Berlin’s pizza game has been picking up in recent years. A new wave of artisanal Neapolitan and Brooklyn-style joints have joined forces with existing old school Italian restaurants to displace Domino’s and improve the quality of pizza across the city. There’s also a strong scene for cheap and cheerful spots, too, where you can buy a whole pie for a pittance. Here’s our pick of the best of the bunch. For starters, though, a few honourable mentions...
For wackiness, Ron Telesky’s menu is worth a try. They serve up huge slices of ‘Canadian pizza’ with a variety of both traditional and left field toppings and chili-infused maple syrup on the side (it totally works). For a quick bite, Pazzi X Pizza in Schillerkiez is great. Their square slices come cheap (around 3 euro a pop), tasty, and quick. For ultimate thriftiness, though, the former Pizza Dach, now known as Aceto Lokanta, in Friedrichshain can’t be beat. Full pizzas cost 3 euro, so when you’re in need of refuelling at the end of a long night you can buy two and still have a decent chunk of a €10 note left over.
Now for the real contenders. Neukölln’s Gazzo serves up sourdough pies that Neapolitan purists would probably term ‘non-traditional’, as they crisp up their base and get a nice char on bottom as well as the crusts. Veggies should give the #4 a go – roasted portobello mushrooms and pine nuts on a sauteed spinach base – and meat-eaters the #8 – burrata, spicy salami, pimento peppers and fresh chili. Gazzo also gets extra points for their cheap-but-great Aperol Spritz and the Pavarotti playlist in the bathrooms.
The traditional, wood-fired oven – made in Naples but tiled black for that Berlin feel – is the star here. At peak it can hit up to 500 degrees celsius. Zola's pizzas go in for 60-90 seconds and come out with crusts blistered black and toppings bubbling. Best to book a table, they’ve got a prime spot on the canal in Kreuzberg and it gets busy.
You won’t find a better quality to price ratio than this one. Stranero is easily as good (if not better) than both Gazzo and Zola, and cheaper too. All pizzas on the permanent menu are under €10, while rotating specials creep into the teens. Run by an effortlessly trendy Italian crowd, it’s all about the Neapolitan influence here. There’s the traditional wood-fired oven, puffed up crusts with char bubbles, and a super fresh and tasty tomato base. Toppings-wise, get the tuna, onion and olive. It’s a doozy.
A restaurant that celebrates all things Neapolitan, with a good selection of meat and fish dishes and family-style dining on a Sunday. Frankly, though, it’s the pizza you should be ordering. Malafemmena's oven isn’t traditional brick, but it’s one of the best pizza-making gas models money can buy – and the pies come out perfect every time. The mortadella pizza with a whole ball of burrata on top, garnished with basil, is an absolute monster. Bonus points for the beautiful terrace outside for summer dining and the boisterous-cum-charming charming service.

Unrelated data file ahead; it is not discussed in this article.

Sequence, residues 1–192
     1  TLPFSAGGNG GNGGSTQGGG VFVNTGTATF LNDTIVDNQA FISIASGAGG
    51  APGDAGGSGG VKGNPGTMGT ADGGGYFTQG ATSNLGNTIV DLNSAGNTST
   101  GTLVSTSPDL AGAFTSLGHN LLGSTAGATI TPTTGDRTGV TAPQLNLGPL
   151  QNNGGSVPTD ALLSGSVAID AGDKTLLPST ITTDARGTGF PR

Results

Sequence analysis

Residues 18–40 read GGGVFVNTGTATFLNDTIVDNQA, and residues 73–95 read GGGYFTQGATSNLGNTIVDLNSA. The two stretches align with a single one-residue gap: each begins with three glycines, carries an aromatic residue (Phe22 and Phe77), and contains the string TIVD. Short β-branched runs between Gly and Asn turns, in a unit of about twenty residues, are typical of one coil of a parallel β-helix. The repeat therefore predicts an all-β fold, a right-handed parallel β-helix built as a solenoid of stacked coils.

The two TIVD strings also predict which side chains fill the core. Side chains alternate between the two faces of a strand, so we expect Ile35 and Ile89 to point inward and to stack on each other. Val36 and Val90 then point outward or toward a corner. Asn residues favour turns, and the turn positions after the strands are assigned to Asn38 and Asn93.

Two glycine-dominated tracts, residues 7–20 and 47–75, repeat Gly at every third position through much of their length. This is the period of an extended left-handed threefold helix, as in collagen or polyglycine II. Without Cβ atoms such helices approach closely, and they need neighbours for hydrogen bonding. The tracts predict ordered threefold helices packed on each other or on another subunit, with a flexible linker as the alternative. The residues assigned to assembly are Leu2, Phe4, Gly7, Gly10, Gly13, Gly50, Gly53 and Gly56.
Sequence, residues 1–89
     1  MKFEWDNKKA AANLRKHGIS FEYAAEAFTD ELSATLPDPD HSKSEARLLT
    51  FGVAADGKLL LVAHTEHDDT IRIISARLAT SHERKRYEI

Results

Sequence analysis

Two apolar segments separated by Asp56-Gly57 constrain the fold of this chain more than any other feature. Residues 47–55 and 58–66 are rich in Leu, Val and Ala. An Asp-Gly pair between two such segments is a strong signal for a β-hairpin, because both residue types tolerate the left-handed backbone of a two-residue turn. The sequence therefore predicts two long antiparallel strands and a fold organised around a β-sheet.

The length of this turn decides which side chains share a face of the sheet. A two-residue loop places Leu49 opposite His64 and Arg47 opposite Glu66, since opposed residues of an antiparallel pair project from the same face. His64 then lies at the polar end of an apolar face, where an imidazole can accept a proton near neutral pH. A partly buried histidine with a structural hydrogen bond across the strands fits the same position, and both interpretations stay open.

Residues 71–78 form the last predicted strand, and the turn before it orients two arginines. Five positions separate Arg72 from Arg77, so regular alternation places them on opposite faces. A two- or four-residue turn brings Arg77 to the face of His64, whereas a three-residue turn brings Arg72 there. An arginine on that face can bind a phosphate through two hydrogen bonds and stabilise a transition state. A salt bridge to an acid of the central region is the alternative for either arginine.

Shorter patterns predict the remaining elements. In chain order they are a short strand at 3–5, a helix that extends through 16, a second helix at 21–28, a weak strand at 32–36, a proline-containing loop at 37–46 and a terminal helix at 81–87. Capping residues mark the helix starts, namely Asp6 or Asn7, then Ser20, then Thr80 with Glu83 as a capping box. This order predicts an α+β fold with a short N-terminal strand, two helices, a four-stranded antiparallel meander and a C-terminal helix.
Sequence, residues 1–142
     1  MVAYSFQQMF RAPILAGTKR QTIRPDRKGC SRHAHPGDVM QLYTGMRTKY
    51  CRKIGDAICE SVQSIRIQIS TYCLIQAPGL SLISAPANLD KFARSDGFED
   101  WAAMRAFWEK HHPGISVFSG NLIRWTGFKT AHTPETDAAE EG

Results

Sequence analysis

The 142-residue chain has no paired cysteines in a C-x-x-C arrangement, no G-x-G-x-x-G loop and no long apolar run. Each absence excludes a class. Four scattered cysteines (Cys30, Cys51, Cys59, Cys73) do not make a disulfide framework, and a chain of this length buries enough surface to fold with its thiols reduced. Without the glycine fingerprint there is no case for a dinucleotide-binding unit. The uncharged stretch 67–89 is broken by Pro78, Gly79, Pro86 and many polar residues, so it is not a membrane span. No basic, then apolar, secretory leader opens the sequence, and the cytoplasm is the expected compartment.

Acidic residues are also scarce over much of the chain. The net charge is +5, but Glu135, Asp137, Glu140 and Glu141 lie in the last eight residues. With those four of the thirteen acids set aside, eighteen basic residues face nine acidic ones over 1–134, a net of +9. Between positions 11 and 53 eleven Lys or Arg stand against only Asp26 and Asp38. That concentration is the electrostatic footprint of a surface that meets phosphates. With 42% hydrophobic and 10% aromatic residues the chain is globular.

Founder of Zola Łukasz Sołowiej went in search of greener pastures in 2018 and opened up this place. While this Polish maestro has never been to Naples, he’s a dab hand at making Neapolitan-style pizza, and W, like Zola, has been an instant hit. The ‘W’ in the name stands for both ‘Wheat’ and ‘Weed’, as you can order your pizza with either a straight wheat or a 50/50 wheat/hemp flour base. Our pick of the pies is the ‘Eggplant’: eggplant cream, salsiccia, provola and basil.
Not strictly a pizzeria, but this little Sicilian spot on Stargader Straße in Prenzlauer Berg serves up a mean and sizeable slice that’s well worth stopping by for. Their snacks, antipasti and traditional desserts are excellent too. Best course of action: grab a table outside, an Aperol Spritz, a slice of pizza with an arancini (stuffed rice ball) on the side, and then a cannoli for afters.
Salami Social Club
Currently rated the #1 pizza place in Berlin on Tripadvisor, SSC is all about NY-style pizza paired up with craft beer from across the continent. While the menu pays tribute to the classics (Salami, Margherita etc.), these American boys are unconstrained by tradition, and thus there’s some pizzas that err on the funky side: ham and pineapple, black pudding, and beer chicken pies are all on offer here. Look out for slice night on Thursdays (€1 per slice), tap takeovers and other events on their Facebook.
Trattoria Venezia is quaint and traditional at first glance. There’s the red and white checkered tablecloths, and the adorable old lady (also the owner) behind the counter. Don’t be fooled, though – here there be monsters. Their giant pizzas – one metre in diameter – bring the wow factor in a big way. The base is wafer thin and you can split your pizza up with different toppings. As such, it’s a great place for sharing so take your friends and/or family.
Papà Pane di Sorrento
The only entry from Mitte in our list, Papà is an undisputed legend. It’s top notch pizzas, coming fast out of the brick-built, wood-fired oven, have won awards in Germany and Italy, and have reeled in Hollywood royalty – Brad Pitt, Tom Cruise, Katie Holmes and Robert Redford have all eaten there. Thankfully, they don’t price out regular visitors and the restaurant remains bustling, chaotic and affordable.
This cosy spot has a rustic basement dining space ornamented with earthenware jugs and slender trees. Pizzas at St. Bess come from the stately oven upstairs and their veggie-friendly menu focuses on seasonal produce. The kale pie with lemon is worth a try – but for those looking for something richer, the white pizza with goats cheese and balsamic mushrooms has just the right level of decadence.